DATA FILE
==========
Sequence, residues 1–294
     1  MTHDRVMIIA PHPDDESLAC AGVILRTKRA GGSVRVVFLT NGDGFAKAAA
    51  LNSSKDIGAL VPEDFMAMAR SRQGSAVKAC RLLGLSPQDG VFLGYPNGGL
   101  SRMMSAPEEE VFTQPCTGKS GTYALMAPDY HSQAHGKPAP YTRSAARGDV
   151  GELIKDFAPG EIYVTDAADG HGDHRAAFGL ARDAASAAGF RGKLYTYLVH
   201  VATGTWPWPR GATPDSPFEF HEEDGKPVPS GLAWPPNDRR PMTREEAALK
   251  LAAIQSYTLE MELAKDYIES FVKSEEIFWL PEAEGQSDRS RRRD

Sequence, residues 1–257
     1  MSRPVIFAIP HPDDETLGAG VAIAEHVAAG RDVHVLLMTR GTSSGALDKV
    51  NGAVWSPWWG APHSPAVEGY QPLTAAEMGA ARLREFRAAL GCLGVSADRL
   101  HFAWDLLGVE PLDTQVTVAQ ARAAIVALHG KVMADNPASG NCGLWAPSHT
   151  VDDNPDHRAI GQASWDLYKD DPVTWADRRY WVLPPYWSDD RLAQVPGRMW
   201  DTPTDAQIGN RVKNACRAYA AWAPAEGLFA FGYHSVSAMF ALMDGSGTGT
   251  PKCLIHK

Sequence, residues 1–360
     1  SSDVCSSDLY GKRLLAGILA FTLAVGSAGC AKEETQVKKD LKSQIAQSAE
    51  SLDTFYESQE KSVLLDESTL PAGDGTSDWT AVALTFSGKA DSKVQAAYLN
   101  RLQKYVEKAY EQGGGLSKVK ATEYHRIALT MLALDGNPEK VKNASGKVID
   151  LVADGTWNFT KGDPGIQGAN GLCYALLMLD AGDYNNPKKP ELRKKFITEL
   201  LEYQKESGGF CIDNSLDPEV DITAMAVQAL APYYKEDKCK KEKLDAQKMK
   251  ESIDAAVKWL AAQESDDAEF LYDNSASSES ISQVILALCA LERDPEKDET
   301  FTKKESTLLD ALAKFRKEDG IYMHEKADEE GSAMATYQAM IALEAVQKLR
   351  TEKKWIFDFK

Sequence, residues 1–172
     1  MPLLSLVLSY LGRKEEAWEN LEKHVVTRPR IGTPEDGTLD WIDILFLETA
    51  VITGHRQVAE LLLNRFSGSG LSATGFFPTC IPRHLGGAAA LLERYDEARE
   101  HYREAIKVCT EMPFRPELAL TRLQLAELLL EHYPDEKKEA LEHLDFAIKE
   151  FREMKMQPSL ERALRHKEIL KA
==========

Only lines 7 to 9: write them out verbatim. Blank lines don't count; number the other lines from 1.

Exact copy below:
   251  LAAIQSYTLE MELAKDYIES FVKSEEIFWL PEAEGQSDRS RRRD

Sequence, residues 1–257
     1  MSRPVIFAIP HPDDETLGAG VAIAEHVAAG RDVHVLLMTR GTSSGALDKV